Ford and GM: Losing Focus
What's wrong with Ford and GM? In the face of shrinking demand for their core vehicles, The Blue Oval and The General are disgorging an endless stream of new products without rhyme or reason. This is the American market. It's supposed to be an American game. Yet time and again, Detroit's giants have misread the temper of the times, unleashing all-new products that flop, forcing them to scrap expensive models and start again. It's time for all the stopping and starting to stop.
Examples of Detroit's endless game of one-two-three red light are both bountiful and pitiful. For example, whatever happened to the bulbous Taurus? Where is America's favorite family sedan these days? It's been replaced by the Ford 500, a bland, underpowered vehicle whose customers are lined-up none deep. By the same token, the Ford Focus is a terrific little family car that could compete with the new Honda Fit, Toyota Yaris and Nissan Sentra. There's even an improved version in Europe, ready for federalization. But no, Dearborn has hung the Ford Focus out to dry, presumably in anticipation of its eventual unrelated replacement.
And what of the once-proud Lincoln brand's answer to the BMW 5-Series: the LS (Luxury Sport)? Despite the positive media buzz, despite selling over a quarter-million vehicles in six years, Ford let the model languish without major improvements– and then canned it as part of their "Way Forward" plan. In fact, there is not one single Lincoln you can look at and say, yes sir, that's a Lincoln! GM's Pontiac division is in the exact same position. Everything in their lineup is entirely new and connected to absolutely nothing in the company's past.
Detroit's corporate culture shoulders much of the blame for this automotive ADD. Long before John De Lorean hitched his wagon to the Pontiac GTO and Lee Iaccoca rode a Mustang to the top, Detroit's corporate culture rewarded execs tied to "winners" and punished anyone involved with "loser" vehicles. Improving an existing model, adding a few more percentage points to the sales charts, puts auto execs on the fast track to nowhere. Launching an exciting new hit guarantees a key to a corner office. While there's no profit in releasing an endless series of dogs, the suits are addicted to gambling their careers on quirky new models. SSR? XLR? Fusion? Freestyle? No thank you.
Contrast this with BMW's evolutionary approach. When The Roundel introduced its hideous 7-Series, complete with an unfathomable iDrive multi-media controller, even the normally subservient press slated the luxobarge. And yet BMW stood by the latest generation of its flagship and slowly, gradually, improved it. iDrive was simplified. The extreme sheetmetal was gently smoothed. At the same time, BMW maintained its program of regular engine upgrades, added features, continued a relentless, behind-the-scenes attack on quality control issues and kept on marketing the car. It's that kind of single-minded, single model dedication that keeps 7-Series sales growing, and protects BMW's from marketplace vagaries.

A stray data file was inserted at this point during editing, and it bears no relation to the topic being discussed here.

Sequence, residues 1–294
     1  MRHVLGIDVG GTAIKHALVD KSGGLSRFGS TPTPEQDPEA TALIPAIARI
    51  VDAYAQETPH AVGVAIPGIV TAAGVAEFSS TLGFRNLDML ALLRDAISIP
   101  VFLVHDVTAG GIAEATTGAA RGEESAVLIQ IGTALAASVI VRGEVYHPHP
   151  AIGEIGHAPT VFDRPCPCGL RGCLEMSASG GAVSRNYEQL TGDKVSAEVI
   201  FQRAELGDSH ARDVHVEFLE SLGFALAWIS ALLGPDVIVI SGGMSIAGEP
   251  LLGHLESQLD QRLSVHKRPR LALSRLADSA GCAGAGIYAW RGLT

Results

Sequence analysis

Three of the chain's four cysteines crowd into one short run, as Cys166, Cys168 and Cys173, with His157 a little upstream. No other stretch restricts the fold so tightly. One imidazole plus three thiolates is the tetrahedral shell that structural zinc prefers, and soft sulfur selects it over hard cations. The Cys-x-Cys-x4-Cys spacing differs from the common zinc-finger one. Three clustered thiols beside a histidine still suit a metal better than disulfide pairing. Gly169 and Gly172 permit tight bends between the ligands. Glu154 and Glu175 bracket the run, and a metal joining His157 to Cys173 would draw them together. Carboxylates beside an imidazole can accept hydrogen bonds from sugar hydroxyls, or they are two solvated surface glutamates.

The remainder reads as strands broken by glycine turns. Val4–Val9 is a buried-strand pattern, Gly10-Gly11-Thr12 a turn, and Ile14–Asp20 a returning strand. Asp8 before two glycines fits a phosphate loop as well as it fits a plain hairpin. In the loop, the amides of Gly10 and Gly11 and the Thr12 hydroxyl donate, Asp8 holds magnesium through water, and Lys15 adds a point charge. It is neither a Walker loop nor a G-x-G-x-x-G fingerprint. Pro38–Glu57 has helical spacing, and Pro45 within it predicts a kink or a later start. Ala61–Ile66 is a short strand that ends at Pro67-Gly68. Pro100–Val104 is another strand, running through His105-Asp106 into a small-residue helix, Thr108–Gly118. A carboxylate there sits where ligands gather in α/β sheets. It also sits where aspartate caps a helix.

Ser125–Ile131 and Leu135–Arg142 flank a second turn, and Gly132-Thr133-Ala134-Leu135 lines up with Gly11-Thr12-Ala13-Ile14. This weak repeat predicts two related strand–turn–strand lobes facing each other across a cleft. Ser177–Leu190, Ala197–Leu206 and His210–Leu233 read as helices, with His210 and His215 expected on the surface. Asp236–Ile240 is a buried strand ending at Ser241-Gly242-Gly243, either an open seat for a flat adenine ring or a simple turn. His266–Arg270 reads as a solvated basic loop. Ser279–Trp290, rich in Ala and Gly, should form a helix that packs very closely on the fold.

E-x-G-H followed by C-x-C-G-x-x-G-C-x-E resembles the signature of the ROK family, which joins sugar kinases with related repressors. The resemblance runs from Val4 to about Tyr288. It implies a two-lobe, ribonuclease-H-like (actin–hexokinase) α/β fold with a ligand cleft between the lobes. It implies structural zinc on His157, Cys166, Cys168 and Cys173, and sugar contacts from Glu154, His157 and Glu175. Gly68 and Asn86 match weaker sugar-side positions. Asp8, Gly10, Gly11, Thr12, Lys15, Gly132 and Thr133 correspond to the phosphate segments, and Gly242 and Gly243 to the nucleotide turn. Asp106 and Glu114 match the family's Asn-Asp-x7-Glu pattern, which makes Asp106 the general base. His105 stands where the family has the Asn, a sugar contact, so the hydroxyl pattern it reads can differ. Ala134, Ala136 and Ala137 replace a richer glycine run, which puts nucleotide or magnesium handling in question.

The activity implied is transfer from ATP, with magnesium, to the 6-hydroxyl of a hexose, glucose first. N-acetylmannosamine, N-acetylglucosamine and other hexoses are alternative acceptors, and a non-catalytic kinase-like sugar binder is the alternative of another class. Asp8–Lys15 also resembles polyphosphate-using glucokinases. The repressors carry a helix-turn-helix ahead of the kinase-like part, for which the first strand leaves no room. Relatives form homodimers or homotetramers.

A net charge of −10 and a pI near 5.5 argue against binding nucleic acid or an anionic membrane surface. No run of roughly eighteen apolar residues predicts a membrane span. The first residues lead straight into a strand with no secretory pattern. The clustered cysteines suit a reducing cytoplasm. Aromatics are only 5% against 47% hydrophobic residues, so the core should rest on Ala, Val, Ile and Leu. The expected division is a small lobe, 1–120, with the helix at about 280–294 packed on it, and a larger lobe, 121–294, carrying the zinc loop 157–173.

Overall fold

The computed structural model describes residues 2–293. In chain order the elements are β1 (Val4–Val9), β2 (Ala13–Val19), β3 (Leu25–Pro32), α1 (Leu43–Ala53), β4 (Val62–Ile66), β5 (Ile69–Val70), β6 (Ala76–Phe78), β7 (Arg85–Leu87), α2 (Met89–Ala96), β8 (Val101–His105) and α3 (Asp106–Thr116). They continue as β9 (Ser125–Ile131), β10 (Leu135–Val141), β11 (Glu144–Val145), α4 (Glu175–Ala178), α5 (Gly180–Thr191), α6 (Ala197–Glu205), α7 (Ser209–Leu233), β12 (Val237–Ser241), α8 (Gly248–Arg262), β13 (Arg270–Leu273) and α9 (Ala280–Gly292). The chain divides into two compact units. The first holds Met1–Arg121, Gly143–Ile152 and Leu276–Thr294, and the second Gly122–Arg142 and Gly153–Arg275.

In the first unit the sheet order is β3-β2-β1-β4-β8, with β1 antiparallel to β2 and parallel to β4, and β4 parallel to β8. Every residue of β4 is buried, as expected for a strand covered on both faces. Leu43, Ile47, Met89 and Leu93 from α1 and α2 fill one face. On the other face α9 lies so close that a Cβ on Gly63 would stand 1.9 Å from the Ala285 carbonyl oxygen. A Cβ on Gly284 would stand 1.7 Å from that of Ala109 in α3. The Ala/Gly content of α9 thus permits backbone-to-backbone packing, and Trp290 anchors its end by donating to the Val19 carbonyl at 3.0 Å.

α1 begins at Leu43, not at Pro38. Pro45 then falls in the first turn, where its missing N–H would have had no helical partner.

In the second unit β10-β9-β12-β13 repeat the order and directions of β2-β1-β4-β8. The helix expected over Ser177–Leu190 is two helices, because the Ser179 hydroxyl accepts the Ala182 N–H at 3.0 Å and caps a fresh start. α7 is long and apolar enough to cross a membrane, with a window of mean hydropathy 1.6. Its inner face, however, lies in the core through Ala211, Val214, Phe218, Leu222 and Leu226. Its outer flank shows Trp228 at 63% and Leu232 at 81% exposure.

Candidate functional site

Clearly, the Germans "get it;" they appreciate the over-riding value of consistency. Consider the Mercedes-Benz S-Class. In the '80's, the W126 was Germany's answer to Rolls-Royce; 80% as grand and 100% more practical. There was no finer luxury sedan on the road. Subsequent decades saw an inverse developmental algorithm: as the S-Class evolved to new technological heights, it declined in quality and substance. Even so, by maintaining the model's lineage– selling the grandeur that was with the technology that is– dealerships can't keep the latest W221 S-Class long enough to sign the import papers.
Master chameleon Toyota understood the concept from the start. They knew that design evolution equals brand recognition, mechanical evolution equals customer satisfaction, and keeping a conquested customer is far cheaper and more profitable than getting a new one. In 1989, Lexus launched the LS400 as an upstart alternative to the Mercedes-Benz S-Class and BMW's 7-Series. Despite criticism for its bland design, despite German counterattack, Lexus never wavered from its commitment to its flagship. Today, most Americans consider the LS as cut from the same hide as its European competitors.
Ford and GM should face facts. They should 'realign' their corporate culture and stop chasing niches in search of "the next big thing": crossovers, convertible pickup trucks, pseudo-minivans, etc. They should plough all their resources into what they've got and get on with it. The truth is, there's no quick fix in the car business. There's only an endless pursuit of customer loyalty. The vast majority of customers want to be brand loyal. Unlike Detroit's ambitious execs, they want to chose once, choose wisely and stick with it. As long as Ford and GM continue to focus their energy on short-term product solutions, the Detroit monoliths are condemned to playing catch-up. It's a fruitless endeavor that ultimately produces nothing but mediocrity.
[Gunnar Heinrich publishes automobilesdeluxe.blogspot.com]
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